By getting the sanding program into the spray area without contaminating it, you are halfway to a better finish in your shop, with less moving stuff around, which also reduces general finish contamination risk.
Instead of sanding by hand for days and getting lots of dust on yourself, your piece and your floor, do all of your sanding all in one day. The day before or the day of spraying, zip right up through the grits to finish ready. The less elapsed time between prep and finish, the better, it eliminates risk.
A bunch of little tweaks can make for a much more enjoyable experience. If you love working with wood, you should appreciate every moment you spend with it in preparation and finishing. Prep is where your eye begins to create the finish. Everything that happens here will be revealed for better or worse upon finish. Make it better. The machine will duplicate you later.
The finishing process is just a series of leaps through the hoops of good habits. Going straight from prep to finish makes is ideal. Time is made through efficiency.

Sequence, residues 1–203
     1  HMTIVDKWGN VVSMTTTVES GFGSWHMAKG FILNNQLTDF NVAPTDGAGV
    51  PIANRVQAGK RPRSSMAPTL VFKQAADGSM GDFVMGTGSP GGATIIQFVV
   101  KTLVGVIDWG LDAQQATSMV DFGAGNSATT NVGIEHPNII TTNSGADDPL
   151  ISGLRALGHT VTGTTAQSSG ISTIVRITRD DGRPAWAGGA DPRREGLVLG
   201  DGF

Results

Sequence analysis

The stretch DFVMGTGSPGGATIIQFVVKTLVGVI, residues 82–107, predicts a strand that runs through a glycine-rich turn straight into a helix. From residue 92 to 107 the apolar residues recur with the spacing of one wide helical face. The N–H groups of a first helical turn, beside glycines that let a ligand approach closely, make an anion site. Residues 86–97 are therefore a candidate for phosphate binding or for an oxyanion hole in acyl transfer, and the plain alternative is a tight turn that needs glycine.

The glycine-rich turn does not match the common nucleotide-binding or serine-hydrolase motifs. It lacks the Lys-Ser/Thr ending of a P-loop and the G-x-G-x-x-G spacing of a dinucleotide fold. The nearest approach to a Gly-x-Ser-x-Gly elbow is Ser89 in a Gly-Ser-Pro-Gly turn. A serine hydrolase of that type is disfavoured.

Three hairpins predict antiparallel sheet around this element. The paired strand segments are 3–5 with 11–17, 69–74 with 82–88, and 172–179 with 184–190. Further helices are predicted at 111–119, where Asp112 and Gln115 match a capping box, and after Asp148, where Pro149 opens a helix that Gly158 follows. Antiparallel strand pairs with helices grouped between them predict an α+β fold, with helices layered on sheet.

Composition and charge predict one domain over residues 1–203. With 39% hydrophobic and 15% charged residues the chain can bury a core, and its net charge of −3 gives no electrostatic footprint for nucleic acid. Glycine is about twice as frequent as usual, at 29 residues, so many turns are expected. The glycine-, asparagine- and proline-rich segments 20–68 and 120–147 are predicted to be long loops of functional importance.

Where Most Variables Lie
- Wood Prep
- Sprayer Prep
- Product Prep
Prep, prep and prep. When you pull the trigger, it’s on. And these are the 3 things you are watching for the whole rest of the game. Your eye develops and learns every time you finish something. Even within just minutes of each other. Every piece.
With good habits, time can actually be your friend. You will probably only spray for about 20-30 minutes max most of the time. Even if you only spray for 10 minutes, spend 20-30 with your HVLP after. It’s not like you have a fluid hose or pump to flush. It only takes about 8 minutes to thoroughly clean, but look at everything. Understanding what happened inside the machine when you added material, pushed material through and pulled the trigger is critical.
Preparing For Twists Eliminates Backward Motion
I get more questions about what to do when a problem arises after the piece is half wet. Developing your critical eye through good consistent finishing habits is the big picture answer to that issue. But, you do have to learn how to fix your own mistakes, whether the piece is for you, a friend or a paying customer, it is your name going out with it. The finish carries that legacy.
Doing these simple things everytime makes it so everytime you wet the sprayer, both you and it know what to expect. You take some of the insecurity, unknown and what if’s out of it. As the human with the machine, that is your challenge, which is the craft of making finishing fun.